He got a silver medal and winning cocktail of the competition.

It was now time for all those who felt they were the best of the best to try their hand at making the Barbados culinary team to Miami.

“I was between minds if to enter or not. I didn’t want to suffer that disappointment again. I told Jamaal Bowen (who has won many mixologists awards and a past member of the team) that I wasn’t sure. Up to the night before the competition I didn’t say yea, I was entering.”

Ryan said he already had a cocktail done and was still playing around with the last one.

He decided to enter and turned up at Divi the morning.

“We were to prepare two cocktails for the judges in ten minutes – one alcoholic and one non-alcoholic. My non-alcoholic was called Sweet and Sour Two-Piece Bikini. The alcoholic was called Passionate Carnival Queen.”

In the first round were 12 competitors and the finalists were cut down to five.

Ryan made it out the first round.

“That was like a heavy sigh of relief. We came to Red Door Lounge for the finals last month and it was a mystery basket challenge. His winning cocktail was Spicy Jam.

“There was a mandatory ingredient of gooseberry jam and I used fresh ginger, ginger beer, Black barrel rum and Claytons Kola Tonic and lemon juice.”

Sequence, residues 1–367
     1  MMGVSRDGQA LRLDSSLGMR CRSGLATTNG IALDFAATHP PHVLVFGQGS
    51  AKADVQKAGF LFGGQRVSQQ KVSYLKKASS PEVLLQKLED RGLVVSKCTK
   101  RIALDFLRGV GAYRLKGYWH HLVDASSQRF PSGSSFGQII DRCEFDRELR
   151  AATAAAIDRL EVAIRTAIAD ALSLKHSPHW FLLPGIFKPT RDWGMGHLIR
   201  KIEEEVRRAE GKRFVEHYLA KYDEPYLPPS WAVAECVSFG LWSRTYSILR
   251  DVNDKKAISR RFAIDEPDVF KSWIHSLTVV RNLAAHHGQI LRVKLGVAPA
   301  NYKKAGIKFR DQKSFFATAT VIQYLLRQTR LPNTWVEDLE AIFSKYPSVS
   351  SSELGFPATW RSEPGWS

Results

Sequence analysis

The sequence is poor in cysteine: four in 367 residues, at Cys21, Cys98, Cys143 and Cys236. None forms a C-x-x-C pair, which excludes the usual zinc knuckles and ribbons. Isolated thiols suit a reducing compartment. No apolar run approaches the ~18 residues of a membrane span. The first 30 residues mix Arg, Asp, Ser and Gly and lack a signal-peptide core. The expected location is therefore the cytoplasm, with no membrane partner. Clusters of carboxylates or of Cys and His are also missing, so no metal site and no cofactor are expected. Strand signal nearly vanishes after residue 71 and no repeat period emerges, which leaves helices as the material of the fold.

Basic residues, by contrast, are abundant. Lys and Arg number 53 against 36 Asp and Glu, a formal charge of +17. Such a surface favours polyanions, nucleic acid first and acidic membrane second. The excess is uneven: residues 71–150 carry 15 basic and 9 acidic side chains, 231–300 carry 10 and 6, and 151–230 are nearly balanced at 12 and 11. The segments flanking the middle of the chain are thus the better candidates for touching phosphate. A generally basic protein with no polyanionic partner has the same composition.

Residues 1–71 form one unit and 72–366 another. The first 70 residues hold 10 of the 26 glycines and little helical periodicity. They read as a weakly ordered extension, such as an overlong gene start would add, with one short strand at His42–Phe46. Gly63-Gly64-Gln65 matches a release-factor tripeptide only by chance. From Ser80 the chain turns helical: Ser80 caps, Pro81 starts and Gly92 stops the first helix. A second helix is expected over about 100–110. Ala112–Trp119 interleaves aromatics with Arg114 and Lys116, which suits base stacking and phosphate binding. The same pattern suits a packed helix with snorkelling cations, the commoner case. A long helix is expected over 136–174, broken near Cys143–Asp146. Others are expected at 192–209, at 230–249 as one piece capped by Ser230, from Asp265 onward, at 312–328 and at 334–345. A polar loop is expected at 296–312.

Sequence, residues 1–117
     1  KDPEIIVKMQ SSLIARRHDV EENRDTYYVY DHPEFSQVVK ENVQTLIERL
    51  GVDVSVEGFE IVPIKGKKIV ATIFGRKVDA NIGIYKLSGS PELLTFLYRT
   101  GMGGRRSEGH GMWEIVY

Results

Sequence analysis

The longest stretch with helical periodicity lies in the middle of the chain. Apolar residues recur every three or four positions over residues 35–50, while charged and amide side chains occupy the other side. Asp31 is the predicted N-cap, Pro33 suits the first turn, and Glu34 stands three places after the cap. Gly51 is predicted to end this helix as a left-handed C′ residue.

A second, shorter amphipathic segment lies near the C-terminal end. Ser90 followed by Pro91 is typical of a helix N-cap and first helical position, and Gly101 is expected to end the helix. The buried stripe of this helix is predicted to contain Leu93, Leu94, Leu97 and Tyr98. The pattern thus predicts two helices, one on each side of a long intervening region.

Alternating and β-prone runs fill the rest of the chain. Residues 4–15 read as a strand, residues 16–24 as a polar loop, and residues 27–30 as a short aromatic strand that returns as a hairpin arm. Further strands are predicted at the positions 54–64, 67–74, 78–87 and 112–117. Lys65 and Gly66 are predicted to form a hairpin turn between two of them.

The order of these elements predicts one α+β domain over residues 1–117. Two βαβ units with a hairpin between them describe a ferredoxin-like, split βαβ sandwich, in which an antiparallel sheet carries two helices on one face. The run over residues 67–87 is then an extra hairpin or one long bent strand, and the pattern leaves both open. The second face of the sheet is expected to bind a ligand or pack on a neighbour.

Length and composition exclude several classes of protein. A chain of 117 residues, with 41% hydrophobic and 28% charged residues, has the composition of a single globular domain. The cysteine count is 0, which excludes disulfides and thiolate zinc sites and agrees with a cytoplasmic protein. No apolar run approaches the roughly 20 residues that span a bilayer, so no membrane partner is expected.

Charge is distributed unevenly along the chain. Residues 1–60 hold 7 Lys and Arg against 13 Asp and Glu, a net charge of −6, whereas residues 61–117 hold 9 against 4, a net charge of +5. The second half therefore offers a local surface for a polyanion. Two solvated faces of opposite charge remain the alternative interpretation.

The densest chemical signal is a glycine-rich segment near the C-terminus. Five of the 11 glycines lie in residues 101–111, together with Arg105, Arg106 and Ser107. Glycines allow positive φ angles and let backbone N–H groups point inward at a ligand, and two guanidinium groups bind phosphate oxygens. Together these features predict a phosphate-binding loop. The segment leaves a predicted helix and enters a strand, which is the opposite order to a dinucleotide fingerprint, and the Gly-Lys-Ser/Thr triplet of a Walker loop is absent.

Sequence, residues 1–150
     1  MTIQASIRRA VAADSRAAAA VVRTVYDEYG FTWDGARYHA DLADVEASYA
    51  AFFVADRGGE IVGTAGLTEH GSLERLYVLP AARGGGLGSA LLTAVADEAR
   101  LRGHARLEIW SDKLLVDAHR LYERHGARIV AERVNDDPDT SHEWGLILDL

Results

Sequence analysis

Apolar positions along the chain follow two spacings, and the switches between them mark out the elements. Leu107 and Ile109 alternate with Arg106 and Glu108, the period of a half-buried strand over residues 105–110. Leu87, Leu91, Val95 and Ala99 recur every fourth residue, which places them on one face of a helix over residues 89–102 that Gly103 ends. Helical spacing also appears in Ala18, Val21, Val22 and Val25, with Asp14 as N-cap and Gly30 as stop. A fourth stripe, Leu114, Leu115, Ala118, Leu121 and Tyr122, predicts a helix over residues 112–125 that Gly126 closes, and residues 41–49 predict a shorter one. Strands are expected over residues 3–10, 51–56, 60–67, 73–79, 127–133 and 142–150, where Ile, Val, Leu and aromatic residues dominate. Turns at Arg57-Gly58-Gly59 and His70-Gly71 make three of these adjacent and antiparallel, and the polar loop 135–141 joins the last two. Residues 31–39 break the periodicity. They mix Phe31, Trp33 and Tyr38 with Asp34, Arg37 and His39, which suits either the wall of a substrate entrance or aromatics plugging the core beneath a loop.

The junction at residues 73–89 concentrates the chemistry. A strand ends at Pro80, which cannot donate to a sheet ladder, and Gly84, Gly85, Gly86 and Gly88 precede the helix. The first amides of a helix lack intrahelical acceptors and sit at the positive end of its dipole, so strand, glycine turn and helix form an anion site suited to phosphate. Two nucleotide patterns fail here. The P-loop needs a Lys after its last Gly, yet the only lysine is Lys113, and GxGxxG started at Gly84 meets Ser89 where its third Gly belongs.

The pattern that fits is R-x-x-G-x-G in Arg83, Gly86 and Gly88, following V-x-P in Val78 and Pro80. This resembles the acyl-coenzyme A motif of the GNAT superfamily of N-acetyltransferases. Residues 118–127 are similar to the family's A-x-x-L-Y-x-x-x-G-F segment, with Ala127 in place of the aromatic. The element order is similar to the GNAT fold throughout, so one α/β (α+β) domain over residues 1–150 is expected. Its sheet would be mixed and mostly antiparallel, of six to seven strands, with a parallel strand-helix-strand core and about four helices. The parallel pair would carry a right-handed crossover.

The announcement was made that night and Ryan was sweating.

“I didn’t know how it would go. Philip Antoine who won last year  was next to me. It was very emotional for me. He placed second and I came first. I told him I felt  like I was going to cry,” Ryan said unashamedly.

He is now elbow deep into training for Miami (three days a week) and says training is going well, although it is an adjustment period.

“My way is to create  in my head and then I make it and tweak it. They do it different here and it is also a group setting as there is the coach and the assistant and other bartenders who are invited to train with us.”

The team is working on three drinks and fine-tuning them – there will be a culinary, one is a twist on a classic and one is non-alcoholic.

Ryan has travelled extensively from Scotland to Amsterdam to Paris and when he does he makes sure to take in the drinking scene to expand on his knowledge and to also see what other mixologists are doing.

Ryan deals with rum mostly and says he has has strange requests to make different cocktails.

“My cocktails are limited to rum-based. What makes a good bartender is a good spirit and a good bartender.”

Ryan has created cocktails that have ended up on other bar and restaurant menus. He says he used to be upset about not being recognised but not anymore.

“My feeling is if you create something so good that others want to imitate it, let it go. I tell myself I make drinks for people to enjoy.

“I do it for love and give it to the world.”

As Bartender Of The Year he will be flying the flag high as the mixologist for Barbados.

“I want to take home Caribbean Bartender Of The Year. It is my first time so I want to do well. It is go big or go home.”